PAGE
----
On November 5th, 2018, for the first time, I tearfully announced to a small group of people sitting around a table in a church basement, “My name is Jane*, and I’m an alcoholic.”
At that first meeting, I was terrified. What was I doing there? Me, a successful, married mom of two? I should be having a cocktail on my Mommy’s Night Out, not sitting in the basement of a church.
Only I had never been able to drink only one cocktail. After one, one more seemed reasonable, and after two, well, then I stopped bothering to count. As a fellow alcoholic reminded me, “We were never the cool girls having one cocktail, we were the drunken messes in the corner, having to be carried home.”
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I started drinking, as most do, in my teen years. I immediately loved the way alcohol would turn off those voices in my head, the ones saying, “You aren’t enough.” Not pretty enough, not smart enough, not popular enough. With the help of alcohol, I became the life of the party.
As a young adult, although I enjoyed the times I drank, often staying out Friday and Saturday nights until the early morning hours, I didn’t let alcohol get in the way of my studies, or later, my career. In fact, as a young professional, my ability to “keep up with the boys” at the pubs after work caused my star to rise.
When my husband and I decided to have children, it was no problem for me to stop drinking. I missed it, sure, but not enough to endanger my unborn child.
However, after my second child was born, my drinking took on a more sinister tone. I began spending more “Mommy Nights” out with friends, often meeting up with various friends throughout the week, each time convincing my partner in crime to have just one drink more. Although I usually planned to have an early night, once I started drinking, I was unable to stop. I began experiencing blackouts – where the next day I wouldn’t remember what I had done the night before. The hangovers also got worse, often leading to intense depression in the days following a binge.
Even at home, I usually surpassed my husband in the number of drinks we had after the kids were in bed. It was totally normal for me to start with a vodka soda, and then finish off a full bottle of wine, or more, on any given weeknight. Weekend nights, when I was at home, involved even more alcohol. The days when I didn’t drink at all started to be few and far between.
The worst part of the drinking, however was the shame. I started to distance myself from not only my non-boozy friends, but also from my husband. I did things while drunk that I would never have done while sober, things I don’t want to admit even in an anonymous article. I put myself in dangerous situations. I got so drunk at the company party that a co-worker had to accompany me home in a taxi, because I couldn’t remember my address. I have no memory of the night. The last thing I remember is doing shots with our company CEO.
I often planned to cut back, stop, or “just have one” – without success. I took every test I could find online as to whether I would be classified as an alcoholic: when I was honest, the tests were pretty clear. But I convinced myself that I was OK. I was still working, still raising two happy children, still married. I wasn’t drinking on the sly, in the mornings, to stop my hands from shaking. I had never been admitted to a psychiatric hospital or arrested for drunk driving. I wasn’t on the streets. Alcoholics, I thought, were something worse than what I was.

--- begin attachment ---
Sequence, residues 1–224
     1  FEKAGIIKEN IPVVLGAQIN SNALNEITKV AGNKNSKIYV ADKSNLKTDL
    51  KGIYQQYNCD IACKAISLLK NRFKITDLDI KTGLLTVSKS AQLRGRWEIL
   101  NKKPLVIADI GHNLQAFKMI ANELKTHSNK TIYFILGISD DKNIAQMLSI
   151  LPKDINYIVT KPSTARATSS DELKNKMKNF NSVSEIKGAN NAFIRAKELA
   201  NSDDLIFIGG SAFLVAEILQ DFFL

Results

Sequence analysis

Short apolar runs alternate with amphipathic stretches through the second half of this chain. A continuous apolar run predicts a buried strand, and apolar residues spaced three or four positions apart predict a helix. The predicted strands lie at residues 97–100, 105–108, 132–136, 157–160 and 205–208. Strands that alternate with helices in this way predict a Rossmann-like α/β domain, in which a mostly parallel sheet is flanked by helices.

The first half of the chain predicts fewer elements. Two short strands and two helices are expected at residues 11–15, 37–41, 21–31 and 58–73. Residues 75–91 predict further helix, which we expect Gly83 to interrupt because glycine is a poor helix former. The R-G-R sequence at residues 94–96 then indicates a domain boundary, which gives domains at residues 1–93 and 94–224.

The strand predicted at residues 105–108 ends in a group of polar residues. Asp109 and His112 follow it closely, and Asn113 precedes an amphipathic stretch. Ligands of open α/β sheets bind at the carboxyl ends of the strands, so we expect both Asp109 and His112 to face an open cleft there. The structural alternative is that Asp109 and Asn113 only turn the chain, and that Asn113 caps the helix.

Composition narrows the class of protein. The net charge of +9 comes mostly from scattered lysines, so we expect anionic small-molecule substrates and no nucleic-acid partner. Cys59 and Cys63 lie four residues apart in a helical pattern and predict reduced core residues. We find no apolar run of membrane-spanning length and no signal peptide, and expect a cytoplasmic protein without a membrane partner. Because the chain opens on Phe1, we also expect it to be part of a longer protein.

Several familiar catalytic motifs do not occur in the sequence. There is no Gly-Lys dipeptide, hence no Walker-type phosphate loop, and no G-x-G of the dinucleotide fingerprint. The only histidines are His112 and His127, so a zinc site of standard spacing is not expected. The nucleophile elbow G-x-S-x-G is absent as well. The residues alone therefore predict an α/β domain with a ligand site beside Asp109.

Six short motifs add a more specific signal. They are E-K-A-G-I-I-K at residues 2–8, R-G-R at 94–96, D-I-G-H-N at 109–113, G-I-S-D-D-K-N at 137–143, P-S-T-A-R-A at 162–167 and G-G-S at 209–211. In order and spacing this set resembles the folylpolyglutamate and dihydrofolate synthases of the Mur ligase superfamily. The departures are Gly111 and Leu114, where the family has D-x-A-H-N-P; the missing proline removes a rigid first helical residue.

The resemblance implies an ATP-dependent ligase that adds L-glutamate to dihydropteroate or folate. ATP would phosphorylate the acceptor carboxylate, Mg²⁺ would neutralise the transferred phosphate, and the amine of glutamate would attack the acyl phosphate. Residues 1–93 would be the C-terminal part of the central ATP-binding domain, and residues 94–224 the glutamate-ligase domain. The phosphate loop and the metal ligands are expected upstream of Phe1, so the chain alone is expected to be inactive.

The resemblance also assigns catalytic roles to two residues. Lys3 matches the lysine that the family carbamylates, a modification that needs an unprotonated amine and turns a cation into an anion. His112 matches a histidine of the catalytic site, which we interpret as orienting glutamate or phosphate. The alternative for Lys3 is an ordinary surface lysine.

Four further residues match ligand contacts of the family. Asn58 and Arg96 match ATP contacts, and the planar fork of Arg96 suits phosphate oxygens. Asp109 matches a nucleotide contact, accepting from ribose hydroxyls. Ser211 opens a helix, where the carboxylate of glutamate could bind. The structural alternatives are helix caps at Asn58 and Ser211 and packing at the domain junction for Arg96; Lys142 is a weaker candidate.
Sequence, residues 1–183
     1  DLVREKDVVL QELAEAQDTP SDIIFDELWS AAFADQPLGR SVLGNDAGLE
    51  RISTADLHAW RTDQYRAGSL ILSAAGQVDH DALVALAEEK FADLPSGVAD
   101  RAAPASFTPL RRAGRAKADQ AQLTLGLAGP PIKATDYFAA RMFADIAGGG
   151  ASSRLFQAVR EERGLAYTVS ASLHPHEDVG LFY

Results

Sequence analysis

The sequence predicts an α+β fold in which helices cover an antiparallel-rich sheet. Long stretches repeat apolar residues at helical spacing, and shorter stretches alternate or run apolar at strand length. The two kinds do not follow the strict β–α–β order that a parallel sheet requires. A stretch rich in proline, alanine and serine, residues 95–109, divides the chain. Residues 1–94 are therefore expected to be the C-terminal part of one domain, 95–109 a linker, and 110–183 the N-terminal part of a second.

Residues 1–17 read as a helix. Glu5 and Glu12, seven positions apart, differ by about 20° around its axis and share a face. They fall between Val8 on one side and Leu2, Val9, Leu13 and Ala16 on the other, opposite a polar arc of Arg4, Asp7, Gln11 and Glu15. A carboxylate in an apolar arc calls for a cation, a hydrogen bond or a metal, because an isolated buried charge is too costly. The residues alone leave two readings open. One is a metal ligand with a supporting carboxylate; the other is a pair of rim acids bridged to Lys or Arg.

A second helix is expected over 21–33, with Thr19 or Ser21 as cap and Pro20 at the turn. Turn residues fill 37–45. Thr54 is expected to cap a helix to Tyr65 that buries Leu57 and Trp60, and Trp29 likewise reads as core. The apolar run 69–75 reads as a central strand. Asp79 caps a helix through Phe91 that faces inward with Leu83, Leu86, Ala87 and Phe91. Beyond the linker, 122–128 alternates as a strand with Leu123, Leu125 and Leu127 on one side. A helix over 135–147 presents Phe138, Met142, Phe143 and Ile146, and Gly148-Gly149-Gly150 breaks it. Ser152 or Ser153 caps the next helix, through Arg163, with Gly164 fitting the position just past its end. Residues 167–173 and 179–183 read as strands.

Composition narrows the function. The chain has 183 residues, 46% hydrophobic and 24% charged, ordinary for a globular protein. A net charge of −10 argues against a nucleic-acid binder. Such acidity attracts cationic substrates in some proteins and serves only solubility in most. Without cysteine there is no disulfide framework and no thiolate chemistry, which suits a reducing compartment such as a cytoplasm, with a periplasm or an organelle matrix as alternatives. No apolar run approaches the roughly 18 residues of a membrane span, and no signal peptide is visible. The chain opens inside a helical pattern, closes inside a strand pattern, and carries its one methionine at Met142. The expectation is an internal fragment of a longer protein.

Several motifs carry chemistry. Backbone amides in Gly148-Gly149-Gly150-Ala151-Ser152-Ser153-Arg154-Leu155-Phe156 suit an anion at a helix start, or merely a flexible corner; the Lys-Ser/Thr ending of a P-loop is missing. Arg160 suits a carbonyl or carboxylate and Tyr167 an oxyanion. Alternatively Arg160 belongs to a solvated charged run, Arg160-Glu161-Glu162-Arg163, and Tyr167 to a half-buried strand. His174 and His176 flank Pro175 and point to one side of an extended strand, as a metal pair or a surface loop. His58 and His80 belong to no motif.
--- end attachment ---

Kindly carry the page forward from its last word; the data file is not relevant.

The hangover-induced depression, shame, and fear, however, got so bad that I woke up one morning and decided that it would be better for everyone, including my children, if I was gone. It wasn’t the first time I had had such thoughts, but it was the first time that I knew exactly how I would go about such a task. Through luck, or the grace of God, I decided to first reach out to a childhood friend who had been posting on Facebook about her #soberlife. She convinced me to try going to an AA meeting first.
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In the hundred or so days that I have been sober since that first meeting, I’ve learned a lot.
I have learned that alcoholics are not a glum, downtrodden group: at these meetings, they are clearly happy, their lives immeasurably better than they had been before.
I have learned that while everyone has to hit “bottom”, you don’t have to wait until you lose your job, your children are taken, or you are admitted to a hospital. You just have to want to stop – and you have to be willing to go to any length to do so.
I have learned to take things one day at a time.
I have learned how to handle my disease. I no longer crave alcohol. Instead, I am largely indifferent to it. But to keep up that indifference and avoid picking up that first glass, there are certain steps I have to take.
I wake up early these days. I spend some time remembering what I am thankful for and ask my higher power to support me in making the right choices throughout the day. Not just the choice not to drink, but the choice to live a good life. To be of help to others, rather than only thinking of myself. To not fear what the future holds, but to believe that it will work out. To attend meetings of fellow alcoholics to remind myself of the danger that I face, and to help those that are suffering.
I have a long road in front of me until I have fully sorted through the wreckage of my drinking life. I have amends to make and trust to regain. But I am one of the lucky ones. I still have my job, my family, and many of my friends. I am, like the overused hashtag, #blessed. And to my great surprise, I am already happier.
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If any of what you have read rings true to you, and you want help, please reach out. You can contact me personally at firstname.lastname@example.org or you can use the information found on the websites listed below to get yourself help: